If you are still contemplating getting a PlayStation TV (known as the PS Vita TV in Japan) you might want to take a look at Base.com if you are in the UK. As reported on Postabargain, you can get the microconsole for under £35. For more information visit: http://www.postabargain.co.uk/categories/ps4/sony-playstation-tv-vita-ps4/057401 Don’t forget to check out our […]
After The Dust Has Settled 11: EGX and Sony (What IS going on?)
EGX moved this year to the NEC on the extreme outskirts of Birmingham, and the event spanned 3 halls plus press area. In amongst the sea of PlayStation 4s I found a total of 4 PS Vitas in the entire event – two on Sony’s stand in their museum section along with the original PlayStation […]
Things may have been quiet from the veteran publishers, but Team 17 have confirmed that they are continuing with their commitment to the PS Vita with the announcement of Strength of the SWORD: ULTIMATE for 2016 as part of their 2016 line-up from the UK studio. Following their move into publishing titles from external developers as well as working with their own IPs, Team 17 have confirmed the game although there is a second title, Allison Road, which they have currently not confirmed which platforms it will be released for so whether or not this will be a contender for a PS Vita release is as yet uncertain.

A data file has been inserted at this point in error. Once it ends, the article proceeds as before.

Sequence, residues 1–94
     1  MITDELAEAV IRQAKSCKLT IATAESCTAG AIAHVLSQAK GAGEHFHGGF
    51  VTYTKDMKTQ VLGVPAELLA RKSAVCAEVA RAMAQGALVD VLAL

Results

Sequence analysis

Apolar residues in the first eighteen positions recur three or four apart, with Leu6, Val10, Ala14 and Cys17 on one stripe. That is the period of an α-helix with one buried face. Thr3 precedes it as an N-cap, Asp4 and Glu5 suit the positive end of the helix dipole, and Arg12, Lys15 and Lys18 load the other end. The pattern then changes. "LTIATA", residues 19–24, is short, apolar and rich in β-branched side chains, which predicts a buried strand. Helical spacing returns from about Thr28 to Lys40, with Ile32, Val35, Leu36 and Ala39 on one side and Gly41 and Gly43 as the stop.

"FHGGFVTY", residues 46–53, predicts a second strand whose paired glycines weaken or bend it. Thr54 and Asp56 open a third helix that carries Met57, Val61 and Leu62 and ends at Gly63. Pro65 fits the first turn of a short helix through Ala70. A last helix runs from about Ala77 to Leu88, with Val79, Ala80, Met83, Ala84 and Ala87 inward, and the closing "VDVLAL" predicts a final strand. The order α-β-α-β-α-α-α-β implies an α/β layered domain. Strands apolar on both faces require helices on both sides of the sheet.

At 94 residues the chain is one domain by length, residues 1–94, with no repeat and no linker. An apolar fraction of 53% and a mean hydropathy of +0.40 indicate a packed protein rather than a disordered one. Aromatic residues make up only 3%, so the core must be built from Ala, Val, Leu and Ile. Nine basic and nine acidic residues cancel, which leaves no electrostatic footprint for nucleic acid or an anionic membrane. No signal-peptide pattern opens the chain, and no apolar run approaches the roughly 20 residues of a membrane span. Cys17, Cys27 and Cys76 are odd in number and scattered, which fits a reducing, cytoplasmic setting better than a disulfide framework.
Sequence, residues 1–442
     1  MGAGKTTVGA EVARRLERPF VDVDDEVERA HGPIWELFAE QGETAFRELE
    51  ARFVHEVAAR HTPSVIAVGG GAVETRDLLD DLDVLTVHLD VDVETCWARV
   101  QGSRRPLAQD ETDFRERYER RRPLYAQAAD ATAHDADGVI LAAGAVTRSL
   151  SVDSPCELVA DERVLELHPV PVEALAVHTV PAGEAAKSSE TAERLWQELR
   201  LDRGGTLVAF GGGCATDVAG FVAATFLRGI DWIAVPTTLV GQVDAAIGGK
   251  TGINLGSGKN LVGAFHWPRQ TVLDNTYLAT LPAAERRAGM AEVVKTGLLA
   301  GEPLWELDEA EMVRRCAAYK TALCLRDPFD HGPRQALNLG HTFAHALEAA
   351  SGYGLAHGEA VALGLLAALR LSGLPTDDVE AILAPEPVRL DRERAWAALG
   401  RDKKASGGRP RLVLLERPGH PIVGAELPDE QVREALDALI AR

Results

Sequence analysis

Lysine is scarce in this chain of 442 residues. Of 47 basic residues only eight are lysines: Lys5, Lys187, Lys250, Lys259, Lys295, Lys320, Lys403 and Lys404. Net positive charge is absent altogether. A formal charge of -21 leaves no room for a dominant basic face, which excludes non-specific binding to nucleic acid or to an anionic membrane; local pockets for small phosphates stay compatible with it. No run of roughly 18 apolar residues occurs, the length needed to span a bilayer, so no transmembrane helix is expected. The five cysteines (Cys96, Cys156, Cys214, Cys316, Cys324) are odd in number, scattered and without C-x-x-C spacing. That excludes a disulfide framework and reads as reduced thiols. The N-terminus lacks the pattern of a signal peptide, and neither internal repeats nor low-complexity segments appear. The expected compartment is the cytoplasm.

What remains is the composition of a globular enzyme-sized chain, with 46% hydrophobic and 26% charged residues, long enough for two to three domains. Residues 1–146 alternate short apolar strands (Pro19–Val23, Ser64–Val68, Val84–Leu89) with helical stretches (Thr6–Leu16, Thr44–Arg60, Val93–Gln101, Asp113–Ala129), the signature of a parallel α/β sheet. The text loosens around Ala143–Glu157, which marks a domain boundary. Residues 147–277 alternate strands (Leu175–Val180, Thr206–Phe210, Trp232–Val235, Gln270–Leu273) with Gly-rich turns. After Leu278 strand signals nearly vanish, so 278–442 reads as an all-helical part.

Strength of the SWORD: ULTIMATE
This is a a charming yet brutal 3D fighter/brawler. Brimming with old school attitude Strength of the SWORD: ULTIMATE is the kind of game you BEAT instead of finish. Playing as the awesome War Golem who is magically powered by awesomeness and destruction, you will engage in tactical and skill based combat as Strength of the SWORD: ULTIMATE pits you against multiple deadly enemies at once and includes epic boss battles!
Defend the realm against a rising evil that has swept the land in Story Mode or battle against not only enemies but the clock in the gruelling Survival Mode.